New measurements reveal evidence of elusive particles in a newly discovered superconductor

Emily Edwards for IQUIST
4/2/2020

University of Illinois at Urbana-Champaign Physics Professor Vidya Madhavan
University of Illinois at Urbana-Champaign Physics Professor Vidya Madhavan
Particle chasing—it’s a game that so many physicists play. Sometimes the hunt takes place inside large supercolliders, where spectacular collisions are necessary to find hidden particles and new physics. For physicists studying solids, the game occurs in a much different environment and the sought-after particles don’t come from furious collisions. Instead, particle-like entities, called quasiparticles, emerge from complicated electronic interactions that happen deep within a material. Sometimes the quasiparticles are easy to probe, but others are more difficult to spot, lurking just out of reach.

Now a team of researchers at the University of Illinois, led by physicist Vidya Madhavan, in collaboration with researchers from the National Institute of Standards and Technology, the University of Maryland, Boston College, and ETH Zurich, have used high-resolution microscopy tools to peer at the inner-workings of an unusual type of superconductor, uranium ditelluride (UTe2). Their measurements reveal strong evidence that this material may be a natural home to an exotic quasiparticle that’s been hiding from physicists for decades. The study is published in the March 26 issue of Nature.  

The particles in question were first theorized in 1937 by Italian physicist Ettore Majorana, and since then, physicists have been trying to prove that they can exist. Some scientists think a particular class of materials called chiral unconventional superconductors may naturally host Majorana particles. The material UTe2 may have all of the right properties to spawn these elusive quasiparticles.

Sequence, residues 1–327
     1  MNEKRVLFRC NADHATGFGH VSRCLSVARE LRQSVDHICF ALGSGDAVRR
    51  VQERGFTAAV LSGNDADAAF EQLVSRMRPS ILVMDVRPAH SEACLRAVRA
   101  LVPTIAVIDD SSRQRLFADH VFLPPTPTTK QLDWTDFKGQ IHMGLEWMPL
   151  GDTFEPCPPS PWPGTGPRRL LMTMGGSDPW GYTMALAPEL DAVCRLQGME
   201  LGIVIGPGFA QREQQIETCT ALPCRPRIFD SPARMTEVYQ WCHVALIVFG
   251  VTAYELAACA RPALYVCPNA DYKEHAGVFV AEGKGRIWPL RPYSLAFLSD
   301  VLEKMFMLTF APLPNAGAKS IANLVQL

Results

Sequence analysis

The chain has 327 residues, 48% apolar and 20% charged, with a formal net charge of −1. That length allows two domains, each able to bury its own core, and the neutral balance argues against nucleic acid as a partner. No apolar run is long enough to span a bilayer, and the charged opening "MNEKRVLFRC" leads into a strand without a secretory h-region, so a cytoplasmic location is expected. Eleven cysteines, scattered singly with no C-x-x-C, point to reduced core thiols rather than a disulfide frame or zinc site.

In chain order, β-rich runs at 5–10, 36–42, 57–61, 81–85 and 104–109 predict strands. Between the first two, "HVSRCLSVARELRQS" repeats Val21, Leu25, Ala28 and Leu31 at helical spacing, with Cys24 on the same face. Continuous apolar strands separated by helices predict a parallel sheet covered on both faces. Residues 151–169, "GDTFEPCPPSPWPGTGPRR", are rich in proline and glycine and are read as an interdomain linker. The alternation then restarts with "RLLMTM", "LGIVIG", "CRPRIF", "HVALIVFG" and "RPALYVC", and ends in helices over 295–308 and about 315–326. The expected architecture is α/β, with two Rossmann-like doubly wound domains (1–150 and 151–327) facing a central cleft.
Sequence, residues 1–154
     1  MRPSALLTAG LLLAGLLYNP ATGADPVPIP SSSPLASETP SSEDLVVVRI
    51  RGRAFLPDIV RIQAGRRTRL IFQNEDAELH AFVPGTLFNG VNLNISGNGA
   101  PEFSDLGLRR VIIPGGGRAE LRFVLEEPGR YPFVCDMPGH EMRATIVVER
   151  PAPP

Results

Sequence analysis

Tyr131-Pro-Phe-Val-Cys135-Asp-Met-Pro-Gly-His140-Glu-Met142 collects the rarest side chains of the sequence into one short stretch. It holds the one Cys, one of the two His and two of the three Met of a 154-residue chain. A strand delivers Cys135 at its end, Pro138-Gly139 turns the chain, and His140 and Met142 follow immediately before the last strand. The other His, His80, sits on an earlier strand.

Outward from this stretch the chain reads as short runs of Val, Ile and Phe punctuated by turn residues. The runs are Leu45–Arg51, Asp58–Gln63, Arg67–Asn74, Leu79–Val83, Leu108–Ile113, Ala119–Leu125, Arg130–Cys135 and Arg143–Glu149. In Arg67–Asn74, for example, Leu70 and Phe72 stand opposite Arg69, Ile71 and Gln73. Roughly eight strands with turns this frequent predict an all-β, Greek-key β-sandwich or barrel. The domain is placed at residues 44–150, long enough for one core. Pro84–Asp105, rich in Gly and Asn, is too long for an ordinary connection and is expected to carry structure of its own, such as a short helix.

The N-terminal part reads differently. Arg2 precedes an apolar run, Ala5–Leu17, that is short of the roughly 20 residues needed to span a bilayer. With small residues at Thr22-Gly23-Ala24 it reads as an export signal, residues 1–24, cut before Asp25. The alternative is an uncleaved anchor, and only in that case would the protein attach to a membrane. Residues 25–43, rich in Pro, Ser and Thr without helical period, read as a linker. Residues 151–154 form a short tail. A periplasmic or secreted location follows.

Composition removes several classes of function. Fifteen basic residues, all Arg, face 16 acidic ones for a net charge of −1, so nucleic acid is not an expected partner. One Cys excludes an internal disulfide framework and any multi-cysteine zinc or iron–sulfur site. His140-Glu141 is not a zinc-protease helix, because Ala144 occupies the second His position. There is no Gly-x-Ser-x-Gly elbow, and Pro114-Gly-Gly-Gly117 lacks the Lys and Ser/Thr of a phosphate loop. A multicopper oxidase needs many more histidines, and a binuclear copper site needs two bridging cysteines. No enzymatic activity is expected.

New measurements show evidence for the presence of exotic Majorana particles on the surface of an unconventional superconductor, Uranium ditelluride. Graphic provided by Dr. E. Edwards, Managing Director of Illinois Quantum Information Science and Technology Center (IQUIST).
New measurements show evidence for the presence of exotic Majorana particles on the surface of an unconventional superconductor, Uranium ditelluride. Graphic provided by Dr. E. Edwards, Managing Director of Illinois Quantum Information Science and Technology Center (IQUIST).
“We know the physics of conventional superconductors and understand how they can conduct electricity or transport electrons from one end of a wire to the other with no resistance,” explains Madhavan. “Chiral unconventional superconductors are much rarer, and the physics is less well known. Understanding them is important for fundamental physics and has potential applications in quantum computing."

Inside of a normal superconductor, the electrons pair up in a way that enables the lossless, persistent currents. This is in contrast to a normal conductor, like copper wire, which heats up as current passes through it. Part of the theory behind superconductivity was formulated decades ago by three scientists at the U of I who earned a Nobel prize in physics for their work. For this conventional kind of superconductivity, magnetic fields are the enemy and break up the pairs, returning the material back to normal. Over the last year, researchers showed that uranium ditelluride behaves differently.

In 2019, Sheng Ran, Nicholas Butch (both co-authors on this study) and their collaborators announced that UTe2 remains superconducting in the presence of magnetic fields up to 65 Tesla, which is about 10,000 times stronger than a refrigerator magnet. This unconventional behavior, combined with other measurements, led the authors of that paper to surmise that the electrons were pairing up in an unusual way that enabled them to resist break-ups. The pairing is important because superconductors with this property could very likely have Majorana particles on the surface. The new study from Madhavan and collaborators strengthens the case for this.  

The team used a high-resolution microscope called a scanning tunneling microscope to look for evidence of the unusual electron pairing and Majorana particles. This microscope can not only map out the surface of uranium ditelluride down to the level of atoms but also probe what’s happening with the electrons. The material itself is silvery with steps jutting up from the surface. These step features are where evidence for Majorana quasiparticles is best seen. They provide a clean edge that, if predictions are correct, should show signatures of a continuous current that moves in one direction, even without the application of a voltage. The team scanned opposite sides of the step and saw a signal with a peak. But the peak was different, depending on which side of the step was scanned.